Freshwater salinization

I am broadly interested in the environmental, social, and economic consequences associated with freshwater salinization. This includes experimental manipulations, field investigations, and using sensor networks to model risks. My research on freshwater salinization has demonstrated that salts can disrupt the functions of ecological communities, and that different salt types (e.g., CaCl2and MgCl2) toxicologically affect organisms in unique ways. Additionally, road salt additives such as beet juice can act as fertilizers, increasing the productivity of freshwater environments. These results are important, because numerous anthropogenic activities are increasing the salinization of freshwater ecosystems, and unique ions and pollutants are associated with each anthropogenic activity. The results from these studies were used by the European Commission to compose an Environmental Policy Report, promoting that governments in the European Union limit the use of alternative road salts and additives. Additionally, these results led to an invited opinion paper that highlights the need for global, ion-specific regulations and management solutions to protect freshwater environments.

Climate warming and environmental stressors

I use experimental freshwater ponds to understand how climate change interacts with local environmental stressors to affect the structure and function of freshwater food webs. Local stressors that could mediate the effects of climate change include invasive species, nutrient pollution, and increased browning through altered dissolved organic carbon cycles (pictured above). My research has demonstrated that climate warming can negatively affect freshwater environments by altering the distribution of biomass from pelagic to benthic communities. However, the magnitude of these effects depends on the availability of nutrients, the ratio of nutrients and dissolved organic carbon, and the intensity of UV radiation. Additionally, the positive effect of climate change for benthic organisms depends on the presence of invasive species, which can alter nutrient cycling and the biomass of freshwater algae.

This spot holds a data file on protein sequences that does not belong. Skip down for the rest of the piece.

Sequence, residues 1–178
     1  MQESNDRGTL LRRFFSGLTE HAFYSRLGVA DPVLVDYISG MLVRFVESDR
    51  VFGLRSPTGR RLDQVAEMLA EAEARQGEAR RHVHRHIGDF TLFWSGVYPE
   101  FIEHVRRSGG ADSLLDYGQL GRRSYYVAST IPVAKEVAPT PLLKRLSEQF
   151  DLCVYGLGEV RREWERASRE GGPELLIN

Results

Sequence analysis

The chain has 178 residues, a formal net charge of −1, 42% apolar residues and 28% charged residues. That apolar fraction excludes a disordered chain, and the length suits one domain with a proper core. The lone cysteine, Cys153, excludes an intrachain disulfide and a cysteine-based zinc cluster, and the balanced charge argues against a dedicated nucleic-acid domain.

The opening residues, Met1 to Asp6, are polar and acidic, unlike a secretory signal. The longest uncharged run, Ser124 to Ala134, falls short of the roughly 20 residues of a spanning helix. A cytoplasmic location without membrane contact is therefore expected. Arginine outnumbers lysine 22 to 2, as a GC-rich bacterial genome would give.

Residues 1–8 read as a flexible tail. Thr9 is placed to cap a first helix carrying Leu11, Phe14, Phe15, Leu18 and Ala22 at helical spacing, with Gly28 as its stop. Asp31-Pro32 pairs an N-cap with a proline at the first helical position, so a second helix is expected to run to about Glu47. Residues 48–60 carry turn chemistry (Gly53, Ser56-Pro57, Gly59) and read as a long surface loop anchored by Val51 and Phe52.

Flooding in urban wetlands

The wetland complex (Walker Avenue Wetlands) is a former DOT reclamation site that provides critical habitat for nesting and migrating birds, amphibians, reptiles, and insects. The wetland complex consists of one primary (large) wetland and twenty auxiliary ponds, which are all separated from the Pompton River by a dam and levee. Urban flooding caused by extensive impermeable surfaces in nearby towns and the increased frequency and intensity of storms has resulted in flooding events that completely inundate the wetland, ponds, and river. These events provide an opportunity to study the consequences of environmental homogenization and ecological resilience in a natural wetland system. Each auxiliary pond has unique biota. However, flooding events wash in exogenous species and homogenize the abiotic conditions of the entire wetland complex. Using chemical analyses, shotgun sequencing, and morphological taxonomy, my lab group is investigating the ecological and chemical processes that determine the resiliency of the auxiliary ponds and main wetland.

Mechanisms affecting patterns of diversity

I use experimental and observational approaches to understand how anthropogenic activities and environmental factors affect patterns of species richness. Experimentally, I test fundamental ecological theories using a model zooplankton community. I also investigate how changes to the landscape affect streams and surrounding riparian habitats. These data are used to understand how how environmental factors such as heterogeneity, energy, and habitat area interact to affect species richness patterns. These data are coupled with high-frequency sensor data and food-web models to understand the consequences of anthropogenic activities on ecosystem functions and services.

mescoosm field.mp4